The effect of the administration of C.sativum on the metabolism of lipids was studied in rats fed a high fat diet with added cholesterol. The spice had a significant hypolipidemic action. The levels of total cholesterol and triglycerides decreased significantly in the tissues of the animals of the experimental group which received coriander seeds. Significant increases in beta-hydroxy, beta-methyl glutaryl CoA reductase and plasma lecithin cholesterol acyl transferase activity were noted in the experimental group. The level of LDL + VLDL cholesterol decreased while that of HDL cholesterol increased in the experimental group compared to the control group. The increased activity of plasma LCAT, enhanced hepatic bile acid synthesis and the increased degradation of cholesterol to fecal bile acids and neutral sterols appeared to account for its hypocholesterolemic effect39.
To assess the lipolysis and absorption in vivo of triacylglycerols containing petroselinoyl, diets containing 120 g seed oil triacylglycerols of C.sativum per kg diet at a level of 72 g 18:1(n-12) moieties/100 g oil were fed to a group of weaned male Wistar rats without restriction for a period of 10 wk. For comparison, groups of rats were fed similar isocaloric diets containing plant oil triacylglycerols with various levels of oleoyl [18:1(n-9)] moieties, e.g., high oleic sunflower seed oil [75 g 18:1(n-9)/100 g oil], olive oil [(66 g 18:1(n-9)/100 g oil], medium oleic rapeseed oil [54 g 18:1(n-9)/100 g oil] and conventional high linoleic sunflower seed oil [25 g 18:1(n-9)/100 g oil]. All diets were supplemented with 20 g corn oil/kg diet. Consumption of coriander oil, compared with the other oils, led to significantly greater liver weights. No significant differences were observed among the groups fed various levels of oleic acid in body weight, the weights of heart, liver, kidneys, spleen or testes, lipid content of heart, or total cholesterol, HDL cholesterol and triacylglycerol concentrations of blood plasma. Ingestion of coriander oil led to incorporation of 18:1(n-12) into heart, liver and blood lipids and to a significant reduction in the concentration of arachidonic acid in the lipids of heart, liver and blood with a concomitant increase in the concentration of linoleic acid compared with results for the other groups40.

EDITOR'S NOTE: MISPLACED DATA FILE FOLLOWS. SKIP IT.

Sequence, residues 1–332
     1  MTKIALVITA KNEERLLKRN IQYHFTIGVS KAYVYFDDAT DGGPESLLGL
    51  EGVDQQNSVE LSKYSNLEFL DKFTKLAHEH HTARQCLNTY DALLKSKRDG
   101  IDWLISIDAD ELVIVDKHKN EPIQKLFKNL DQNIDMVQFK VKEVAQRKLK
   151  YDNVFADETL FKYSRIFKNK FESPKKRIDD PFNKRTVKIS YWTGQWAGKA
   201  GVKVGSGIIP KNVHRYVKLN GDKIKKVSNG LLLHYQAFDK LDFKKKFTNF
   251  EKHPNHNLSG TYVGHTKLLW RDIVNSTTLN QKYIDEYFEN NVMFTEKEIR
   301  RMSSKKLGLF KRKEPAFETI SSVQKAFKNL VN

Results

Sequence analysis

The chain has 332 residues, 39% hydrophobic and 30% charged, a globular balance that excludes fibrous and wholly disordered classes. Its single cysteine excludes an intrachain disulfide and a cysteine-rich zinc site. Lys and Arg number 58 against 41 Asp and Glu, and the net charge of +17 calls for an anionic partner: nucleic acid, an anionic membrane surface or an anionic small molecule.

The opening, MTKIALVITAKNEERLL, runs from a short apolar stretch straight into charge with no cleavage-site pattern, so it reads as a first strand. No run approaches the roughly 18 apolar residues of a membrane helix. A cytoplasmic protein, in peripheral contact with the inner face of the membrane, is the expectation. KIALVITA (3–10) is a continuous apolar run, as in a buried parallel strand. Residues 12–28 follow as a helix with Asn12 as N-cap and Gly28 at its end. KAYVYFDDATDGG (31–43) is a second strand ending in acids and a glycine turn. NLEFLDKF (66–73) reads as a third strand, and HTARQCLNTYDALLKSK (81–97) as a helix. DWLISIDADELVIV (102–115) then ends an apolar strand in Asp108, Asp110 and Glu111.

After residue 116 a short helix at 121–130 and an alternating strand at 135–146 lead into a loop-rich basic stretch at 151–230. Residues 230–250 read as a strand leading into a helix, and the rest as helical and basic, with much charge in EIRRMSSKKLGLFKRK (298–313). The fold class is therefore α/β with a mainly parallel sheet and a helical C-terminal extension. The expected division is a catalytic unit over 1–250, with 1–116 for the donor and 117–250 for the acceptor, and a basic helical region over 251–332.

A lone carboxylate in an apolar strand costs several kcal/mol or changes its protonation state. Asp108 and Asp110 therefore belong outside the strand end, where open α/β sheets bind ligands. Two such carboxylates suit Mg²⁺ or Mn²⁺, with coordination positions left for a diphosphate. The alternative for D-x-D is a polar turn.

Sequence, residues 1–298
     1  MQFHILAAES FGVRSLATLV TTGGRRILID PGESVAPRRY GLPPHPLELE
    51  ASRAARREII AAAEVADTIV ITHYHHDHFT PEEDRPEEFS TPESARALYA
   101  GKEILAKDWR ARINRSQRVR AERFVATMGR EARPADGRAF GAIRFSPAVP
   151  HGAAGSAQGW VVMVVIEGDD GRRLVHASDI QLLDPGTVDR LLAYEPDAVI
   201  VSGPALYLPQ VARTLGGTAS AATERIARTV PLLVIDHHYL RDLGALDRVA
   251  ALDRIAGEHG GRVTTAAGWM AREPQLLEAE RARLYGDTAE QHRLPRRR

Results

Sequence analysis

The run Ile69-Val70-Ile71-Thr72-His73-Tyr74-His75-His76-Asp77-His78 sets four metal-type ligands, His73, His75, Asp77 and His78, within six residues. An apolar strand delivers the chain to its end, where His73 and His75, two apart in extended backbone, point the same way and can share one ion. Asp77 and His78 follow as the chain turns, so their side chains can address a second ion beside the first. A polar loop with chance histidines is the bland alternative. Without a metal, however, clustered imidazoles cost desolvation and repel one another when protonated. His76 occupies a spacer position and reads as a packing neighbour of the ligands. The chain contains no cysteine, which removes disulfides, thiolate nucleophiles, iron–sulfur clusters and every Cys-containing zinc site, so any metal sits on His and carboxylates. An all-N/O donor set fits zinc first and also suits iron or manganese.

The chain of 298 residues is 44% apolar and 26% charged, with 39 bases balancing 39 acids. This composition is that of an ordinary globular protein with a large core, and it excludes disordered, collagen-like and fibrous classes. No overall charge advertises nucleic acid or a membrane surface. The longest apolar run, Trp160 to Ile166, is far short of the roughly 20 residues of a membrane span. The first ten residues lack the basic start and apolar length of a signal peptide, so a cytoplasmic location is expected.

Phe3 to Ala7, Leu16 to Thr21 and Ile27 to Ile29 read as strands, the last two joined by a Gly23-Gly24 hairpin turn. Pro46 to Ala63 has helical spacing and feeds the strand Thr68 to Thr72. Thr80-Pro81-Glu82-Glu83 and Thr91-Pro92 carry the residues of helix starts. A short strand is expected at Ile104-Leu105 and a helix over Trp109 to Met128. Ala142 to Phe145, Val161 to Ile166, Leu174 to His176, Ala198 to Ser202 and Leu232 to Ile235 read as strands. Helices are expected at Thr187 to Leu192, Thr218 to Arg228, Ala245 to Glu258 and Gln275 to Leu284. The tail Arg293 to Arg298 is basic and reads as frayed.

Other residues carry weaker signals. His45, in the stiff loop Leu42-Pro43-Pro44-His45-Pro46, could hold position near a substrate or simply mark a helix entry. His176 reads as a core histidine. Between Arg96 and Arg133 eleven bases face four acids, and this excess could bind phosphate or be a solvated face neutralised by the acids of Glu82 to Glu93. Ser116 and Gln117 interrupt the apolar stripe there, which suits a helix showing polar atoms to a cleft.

Pharmacologyonline 3: 561-573 (2009) Newsletter Padmaa M Paarakh Antidiuretic activity C.sativum crude extract at doses of 1- 10 mg/ml produced diuresis in rats36.In another study, the acute diuretic activity of continuous intravenous infusion of an aqueous extract of the seed of C.sativum in rats was evaluated. Crude extract of C.sativum increase diuresis, excretion of electrolytes and glomerular filtration rate in a dose –dependent manner in comparison of furosemide suggesting diuretic activity of the plant41.